Good relationships with neighbors are always important — especially when neighboring countries need to work together to address issues that impact the quality of life of their people. For Mexico and the United States, labor trafficking is one of these issues.
It is no secret that the U.S. agriculture industry is largely sustained by a Mexican workforce, as few U.S.-born workers are willing to take these difficult and low-paid jobs. This is why the U.S. offers the H-2A visa, which allows foreign nationals to come to the United States temporarily to work in the agricultural sector. More than 90 percent of these visas go to Mexican nationals.
Sadly, statistics from the National Human Trafficking Hotline show that H-2A visa holders are highly vulnerable to labor trafficking. Between 2018 and 2020, the Trafficking Hotline identified more than 2,800 H-2A visa holders who reported being victims of labor trafficking. And across all sectors, almost 60% of victims of forced labor are foreign nationals in cases where the Trafficking Hotline is able to identify immigration status. Mexicans are by far the most reported nationality among foreigners who are exploited by traffickers in our country.
This is why Polaris has been working tirelessly with the Consulates from Mexico in the U.S. to speak directly with the Mexican community working in the U.S. Whether they come to work every year or have a more permanent job, Polaris aims to spread the word about human and labor rights and also about resources available for workers. In 2022 alone, Polaris has reached approximately 3,500 Mexican citizens, and at least 272 consular officers have been trained to recognize human trafficking.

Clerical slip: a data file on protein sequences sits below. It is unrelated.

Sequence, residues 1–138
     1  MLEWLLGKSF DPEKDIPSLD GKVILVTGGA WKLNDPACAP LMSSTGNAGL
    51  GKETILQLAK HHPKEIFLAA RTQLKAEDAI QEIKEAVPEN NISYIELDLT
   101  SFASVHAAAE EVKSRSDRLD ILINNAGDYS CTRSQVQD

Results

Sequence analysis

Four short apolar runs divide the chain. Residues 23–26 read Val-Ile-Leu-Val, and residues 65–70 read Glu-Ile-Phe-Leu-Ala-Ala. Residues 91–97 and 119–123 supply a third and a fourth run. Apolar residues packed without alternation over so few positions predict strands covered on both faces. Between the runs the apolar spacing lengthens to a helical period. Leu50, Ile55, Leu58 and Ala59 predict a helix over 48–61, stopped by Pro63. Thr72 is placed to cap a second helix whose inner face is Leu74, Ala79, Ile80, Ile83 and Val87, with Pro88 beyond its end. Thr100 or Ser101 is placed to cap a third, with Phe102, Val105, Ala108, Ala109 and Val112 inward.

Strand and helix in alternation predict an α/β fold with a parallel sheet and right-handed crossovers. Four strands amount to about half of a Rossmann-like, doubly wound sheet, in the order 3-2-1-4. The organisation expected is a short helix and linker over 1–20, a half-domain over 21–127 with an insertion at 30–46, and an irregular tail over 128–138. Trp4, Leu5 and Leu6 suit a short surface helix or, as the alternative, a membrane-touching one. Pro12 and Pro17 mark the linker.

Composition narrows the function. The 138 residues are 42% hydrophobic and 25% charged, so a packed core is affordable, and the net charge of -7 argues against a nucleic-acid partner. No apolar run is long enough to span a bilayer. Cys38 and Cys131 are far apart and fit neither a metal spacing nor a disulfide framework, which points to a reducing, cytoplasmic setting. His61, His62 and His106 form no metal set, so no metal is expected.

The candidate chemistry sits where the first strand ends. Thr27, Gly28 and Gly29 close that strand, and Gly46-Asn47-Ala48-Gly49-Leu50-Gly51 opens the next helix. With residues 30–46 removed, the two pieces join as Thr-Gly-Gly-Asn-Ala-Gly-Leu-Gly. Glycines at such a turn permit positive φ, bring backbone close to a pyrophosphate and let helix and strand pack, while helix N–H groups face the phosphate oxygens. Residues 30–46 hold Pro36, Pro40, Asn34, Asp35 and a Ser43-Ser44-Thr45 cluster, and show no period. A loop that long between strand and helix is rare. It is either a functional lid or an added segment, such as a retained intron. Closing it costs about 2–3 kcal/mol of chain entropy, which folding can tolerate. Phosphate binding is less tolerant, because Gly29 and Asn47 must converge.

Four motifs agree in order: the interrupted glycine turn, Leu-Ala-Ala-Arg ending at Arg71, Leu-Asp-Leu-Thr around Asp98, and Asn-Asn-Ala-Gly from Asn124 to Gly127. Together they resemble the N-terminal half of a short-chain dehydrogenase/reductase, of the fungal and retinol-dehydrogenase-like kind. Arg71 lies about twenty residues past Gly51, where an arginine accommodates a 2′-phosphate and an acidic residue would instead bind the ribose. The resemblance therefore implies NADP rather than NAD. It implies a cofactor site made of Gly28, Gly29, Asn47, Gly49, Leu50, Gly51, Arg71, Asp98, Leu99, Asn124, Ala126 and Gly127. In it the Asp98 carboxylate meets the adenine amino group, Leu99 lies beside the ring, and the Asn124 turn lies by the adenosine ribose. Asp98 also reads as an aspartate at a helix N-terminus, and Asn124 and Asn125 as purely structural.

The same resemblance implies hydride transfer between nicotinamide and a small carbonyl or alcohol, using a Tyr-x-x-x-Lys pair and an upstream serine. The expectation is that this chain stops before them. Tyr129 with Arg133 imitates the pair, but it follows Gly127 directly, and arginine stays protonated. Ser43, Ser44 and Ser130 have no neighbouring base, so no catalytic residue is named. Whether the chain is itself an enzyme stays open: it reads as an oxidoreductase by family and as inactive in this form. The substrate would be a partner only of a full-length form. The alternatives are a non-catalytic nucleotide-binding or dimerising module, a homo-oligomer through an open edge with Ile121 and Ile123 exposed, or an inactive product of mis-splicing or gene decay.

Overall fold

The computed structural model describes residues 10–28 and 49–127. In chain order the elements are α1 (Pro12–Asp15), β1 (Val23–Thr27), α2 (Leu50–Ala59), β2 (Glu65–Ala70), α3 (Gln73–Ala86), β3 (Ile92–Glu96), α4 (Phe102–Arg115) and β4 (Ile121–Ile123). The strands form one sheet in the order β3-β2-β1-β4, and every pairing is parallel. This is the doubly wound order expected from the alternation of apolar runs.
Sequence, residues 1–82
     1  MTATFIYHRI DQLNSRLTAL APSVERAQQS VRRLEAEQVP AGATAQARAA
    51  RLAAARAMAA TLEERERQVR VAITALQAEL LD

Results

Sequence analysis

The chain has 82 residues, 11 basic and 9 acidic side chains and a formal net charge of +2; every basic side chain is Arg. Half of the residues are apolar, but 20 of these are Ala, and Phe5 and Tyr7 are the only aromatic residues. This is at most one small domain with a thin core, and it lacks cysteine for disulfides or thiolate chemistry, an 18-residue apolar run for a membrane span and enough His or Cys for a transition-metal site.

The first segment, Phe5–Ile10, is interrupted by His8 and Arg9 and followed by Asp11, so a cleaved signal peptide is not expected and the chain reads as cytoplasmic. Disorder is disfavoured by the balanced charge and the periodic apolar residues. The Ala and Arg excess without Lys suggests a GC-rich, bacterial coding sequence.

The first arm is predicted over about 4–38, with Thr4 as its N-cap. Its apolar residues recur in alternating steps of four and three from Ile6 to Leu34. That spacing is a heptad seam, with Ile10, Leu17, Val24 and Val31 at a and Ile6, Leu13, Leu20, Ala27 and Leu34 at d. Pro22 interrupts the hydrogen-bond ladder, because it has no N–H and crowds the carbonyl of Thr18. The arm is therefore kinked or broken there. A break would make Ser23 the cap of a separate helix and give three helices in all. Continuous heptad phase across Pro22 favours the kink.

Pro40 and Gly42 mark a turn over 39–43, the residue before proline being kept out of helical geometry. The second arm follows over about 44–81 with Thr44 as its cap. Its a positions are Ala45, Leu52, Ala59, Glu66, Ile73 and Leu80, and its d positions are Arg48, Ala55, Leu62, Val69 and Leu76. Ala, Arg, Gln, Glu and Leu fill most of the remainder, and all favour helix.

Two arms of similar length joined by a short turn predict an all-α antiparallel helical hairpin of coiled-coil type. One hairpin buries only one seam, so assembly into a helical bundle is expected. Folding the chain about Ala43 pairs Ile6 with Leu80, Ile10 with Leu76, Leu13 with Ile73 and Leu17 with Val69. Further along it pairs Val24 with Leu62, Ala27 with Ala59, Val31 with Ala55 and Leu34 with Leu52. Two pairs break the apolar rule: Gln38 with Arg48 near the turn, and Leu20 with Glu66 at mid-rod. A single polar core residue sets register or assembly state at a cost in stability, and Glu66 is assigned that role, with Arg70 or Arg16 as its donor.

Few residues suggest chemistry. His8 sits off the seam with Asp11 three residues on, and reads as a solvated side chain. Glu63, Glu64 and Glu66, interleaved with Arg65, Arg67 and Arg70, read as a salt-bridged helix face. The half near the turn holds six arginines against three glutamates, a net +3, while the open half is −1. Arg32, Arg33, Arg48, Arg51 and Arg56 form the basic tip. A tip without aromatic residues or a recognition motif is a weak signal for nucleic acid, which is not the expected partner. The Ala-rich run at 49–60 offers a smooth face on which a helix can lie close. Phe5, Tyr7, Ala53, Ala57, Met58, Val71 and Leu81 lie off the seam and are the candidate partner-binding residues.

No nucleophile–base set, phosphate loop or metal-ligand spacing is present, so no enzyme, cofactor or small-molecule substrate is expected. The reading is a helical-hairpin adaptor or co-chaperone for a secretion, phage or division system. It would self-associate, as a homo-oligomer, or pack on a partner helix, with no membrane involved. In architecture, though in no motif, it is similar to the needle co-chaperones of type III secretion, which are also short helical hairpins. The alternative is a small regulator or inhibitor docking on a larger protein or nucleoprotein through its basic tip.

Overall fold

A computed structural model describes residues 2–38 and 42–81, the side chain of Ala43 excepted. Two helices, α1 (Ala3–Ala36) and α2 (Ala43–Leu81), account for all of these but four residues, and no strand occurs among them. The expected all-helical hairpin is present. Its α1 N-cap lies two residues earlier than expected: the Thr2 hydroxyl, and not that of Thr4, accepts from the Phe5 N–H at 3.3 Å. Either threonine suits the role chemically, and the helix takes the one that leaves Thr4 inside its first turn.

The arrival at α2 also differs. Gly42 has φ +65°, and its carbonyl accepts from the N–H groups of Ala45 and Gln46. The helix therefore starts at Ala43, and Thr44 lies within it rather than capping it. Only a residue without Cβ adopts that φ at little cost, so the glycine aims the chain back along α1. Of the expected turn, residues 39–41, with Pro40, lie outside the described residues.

This relationship with the Mexican Consulates started back in 2016, and now the Consular Network and Polaris have signed an agreement in order to formalize this collaboration and expand training opportunities with agents that have direct contact with the Mexican community. Building trust by sharing valuable information and connecting them with useful resources is the best way to make sure that migrants and their communities are aware of their rights and appropriately identify situations of trafficking.
It’s not the only strategy for being good allies. As a proactive way to reach vulnerable workers, Polaris is also implementing Nonechka, which gathers direct input from immigrant workers about dynamics of exploitation via survey, connecting them to important resources and enabling the trafficking field to hear from workers first-hand — making visible their experiences and the variables that make them vulnerable to trafficking in the agricultural environment.
Partnering with our neighbor is not only a need; it is simply the right thing to do to help eradicate labor trafficking from our food supply chain.